Merry Christmas! We will be free of renewed budget crisis until January. Party, party, party.
A few inconveniences remain from this last shutdown round, and a few small piles of smoking wreckage, but also a lot of good news.
We will finally get September employment data next week, then on Nov. 1 the October numbers. Will these all-important reports be distorted by the shutdown? Sure. How? No idea.
There is a chance that this data-blind period will muddle some significant change in the economy, but it’s more likely to be on the slow side as a shutdown effect. Then again, the shutdown might have concealed or briefly delayed an acceleration.
Thus the credit markets will be nervous and volatile for months. The Fed will cobble together its own internal view, but post-shutdown interest rates are sliding slightly in expectation that the Fed will continue QE untapered, at least until it has decent economic data.
During regime change from Bernanke to Yellen the Fed is not likely to do anything dramatic anyway.
Give up on all of that overthinking. Stick with bond market simplicity: Through all of the media crisis-porn and lurid anticipation of U.S. default, the Treasury bond market didn’t move an inch.
No professional took any of that crap seriously, here or overseas. The 10-year T-note, the ultimate measure of risk, stayed between 2.7 and 2.6 percent.
The good news: Millions of Americans who had tuned out the federal government years ago tuned it in, horrified. State and local governments have been worthy of attention, solving problems in the last decade, but Washington is a posturing bore.
The shutdown reminded us that Washington matters, and it listens to public opinion.
What really happened in the last-minute resolution?
Thus spake the wings of the mainstream media, each partly correct. Two big things happened.
First, when President Obama said, “There were no winners,” he seemed to include himself for once, not just the undergraduates and Law Review staff.
The president has been in a nonproductive standoff with House Republicans for two years — with all of them, not just the Teapots — and now knows that he can spend the next three years getting nothing done, or deal.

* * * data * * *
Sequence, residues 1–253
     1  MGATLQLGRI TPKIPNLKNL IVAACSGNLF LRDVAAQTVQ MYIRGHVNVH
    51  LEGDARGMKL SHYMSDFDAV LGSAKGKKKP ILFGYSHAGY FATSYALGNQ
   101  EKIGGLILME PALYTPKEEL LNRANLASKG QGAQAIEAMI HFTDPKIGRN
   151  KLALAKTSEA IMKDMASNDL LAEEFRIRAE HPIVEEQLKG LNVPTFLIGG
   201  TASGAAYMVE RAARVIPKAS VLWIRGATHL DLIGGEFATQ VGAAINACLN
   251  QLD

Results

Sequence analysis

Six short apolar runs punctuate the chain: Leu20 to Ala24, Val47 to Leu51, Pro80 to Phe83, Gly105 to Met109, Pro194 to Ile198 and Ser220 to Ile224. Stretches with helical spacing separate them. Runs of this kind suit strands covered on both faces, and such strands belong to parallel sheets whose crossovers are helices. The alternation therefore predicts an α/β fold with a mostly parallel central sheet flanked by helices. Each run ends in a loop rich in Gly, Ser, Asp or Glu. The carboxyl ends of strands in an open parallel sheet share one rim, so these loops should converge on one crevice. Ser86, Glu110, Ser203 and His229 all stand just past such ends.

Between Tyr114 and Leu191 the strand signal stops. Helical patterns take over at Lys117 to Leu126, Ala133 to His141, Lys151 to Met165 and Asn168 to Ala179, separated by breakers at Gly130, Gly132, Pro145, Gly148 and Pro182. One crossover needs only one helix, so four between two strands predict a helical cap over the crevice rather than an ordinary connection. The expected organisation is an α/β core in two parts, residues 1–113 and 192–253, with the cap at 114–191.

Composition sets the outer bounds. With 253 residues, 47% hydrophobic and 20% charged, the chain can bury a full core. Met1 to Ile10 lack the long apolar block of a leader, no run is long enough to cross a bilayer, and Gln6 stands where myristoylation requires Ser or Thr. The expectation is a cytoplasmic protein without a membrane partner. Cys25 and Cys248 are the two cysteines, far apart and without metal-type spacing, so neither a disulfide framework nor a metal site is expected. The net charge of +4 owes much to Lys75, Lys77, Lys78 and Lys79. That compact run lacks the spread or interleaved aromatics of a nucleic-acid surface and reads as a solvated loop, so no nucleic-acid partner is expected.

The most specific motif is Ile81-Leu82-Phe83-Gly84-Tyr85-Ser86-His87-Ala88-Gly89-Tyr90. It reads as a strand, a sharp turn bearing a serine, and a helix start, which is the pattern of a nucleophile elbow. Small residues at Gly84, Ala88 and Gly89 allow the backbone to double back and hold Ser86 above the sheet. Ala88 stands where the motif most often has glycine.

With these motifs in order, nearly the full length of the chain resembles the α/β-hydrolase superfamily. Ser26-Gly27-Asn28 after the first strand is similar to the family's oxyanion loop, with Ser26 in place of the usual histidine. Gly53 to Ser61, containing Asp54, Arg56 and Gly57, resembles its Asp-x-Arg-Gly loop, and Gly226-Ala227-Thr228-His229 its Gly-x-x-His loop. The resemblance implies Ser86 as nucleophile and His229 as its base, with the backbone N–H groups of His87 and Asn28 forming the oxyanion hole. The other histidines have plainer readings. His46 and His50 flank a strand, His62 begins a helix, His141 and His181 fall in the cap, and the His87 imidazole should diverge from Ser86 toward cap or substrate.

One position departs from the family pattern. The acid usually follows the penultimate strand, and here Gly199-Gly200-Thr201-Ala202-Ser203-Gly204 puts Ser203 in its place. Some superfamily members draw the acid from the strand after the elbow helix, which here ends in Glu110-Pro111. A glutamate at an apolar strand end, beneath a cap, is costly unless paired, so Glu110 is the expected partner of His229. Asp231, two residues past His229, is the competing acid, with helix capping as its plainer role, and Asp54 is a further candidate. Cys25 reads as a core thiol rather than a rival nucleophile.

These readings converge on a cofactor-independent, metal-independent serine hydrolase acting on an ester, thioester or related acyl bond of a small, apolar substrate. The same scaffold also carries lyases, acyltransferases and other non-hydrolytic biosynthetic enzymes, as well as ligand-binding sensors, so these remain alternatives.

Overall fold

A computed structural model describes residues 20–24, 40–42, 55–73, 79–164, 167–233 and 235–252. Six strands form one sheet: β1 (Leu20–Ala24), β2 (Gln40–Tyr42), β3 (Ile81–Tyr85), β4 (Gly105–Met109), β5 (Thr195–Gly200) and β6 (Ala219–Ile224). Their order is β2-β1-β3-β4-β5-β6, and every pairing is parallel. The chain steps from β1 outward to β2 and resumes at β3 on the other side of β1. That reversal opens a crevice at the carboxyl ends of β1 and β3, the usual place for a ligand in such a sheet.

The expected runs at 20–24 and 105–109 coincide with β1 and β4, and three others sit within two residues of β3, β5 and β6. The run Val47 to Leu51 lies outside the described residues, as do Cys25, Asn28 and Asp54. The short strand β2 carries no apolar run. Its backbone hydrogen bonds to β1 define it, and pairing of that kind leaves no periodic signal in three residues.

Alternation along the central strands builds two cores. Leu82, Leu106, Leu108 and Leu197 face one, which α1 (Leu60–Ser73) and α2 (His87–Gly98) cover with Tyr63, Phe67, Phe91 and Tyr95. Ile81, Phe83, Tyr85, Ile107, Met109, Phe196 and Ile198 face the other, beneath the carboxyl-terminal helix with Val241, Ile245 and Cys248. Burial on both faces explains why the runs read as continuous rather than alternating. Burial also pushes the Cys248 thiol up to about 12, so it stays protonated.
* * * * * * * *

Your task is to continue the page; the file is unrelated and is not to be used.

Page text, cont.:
That 87 House Republicans joined 198 Democrats to break the jam on the first try at a vote on a clean bill (and at least half of the 144 Republican nays would have joined the ayes if the deal was at all close) demonstrates that there’s a working, bipartisan majority to pass sensible centrist budget and tax proposals next year.
Second, and linked: Mainstream Republicans for the first time formally broke with the Teapots.
Many people don’t like John Boehner, and don’t understand his conduct in the last two weeks. He gave the Teapots time to come to their senses, and then enough rope to hang themselves. They still do not understand that they are dangling in space. They think they have made a point and will gain strength in next year’s primaries.
In the unique deafness of fools, listening only to themselves, the Teapots cannot hear the cold dismissal by colleagues in their own party — let alone the angry contempt in which the political center now holds them: You … peabrains … would hold this nation hostage? To make a point?
You made it, all right. To witness the magnitude of defeat, catch a few minutes of Fox’ Sean Hannity, disbelieving his own post-disaster bluster.
When Congress and the president go back at this, it won’t be any prettier than usual, but has a good chance to be productive. It may be incremental, but lost trust is always restored in increments.
Printed under Thursday’s Wall Street Journal headline was a chart of the debt limit: In the last 20 years, it’s been gradually raised from $4.9 trillion to $16.7 trillion. Nobody’s fault and everyone’s — war, financial crisis and procrastination.
As big as that policy failure, the larger structural deficit from overpromised entitlements and insufficient tax revenue lies ahead.
If we can make progress, nothing would take more heat off the Fed and interest rates. And nothing would more restore confidence among citizens and business.
Lou Barnes is a mortgage broker based in Boulder, Colo. He can be reached at email@example.com.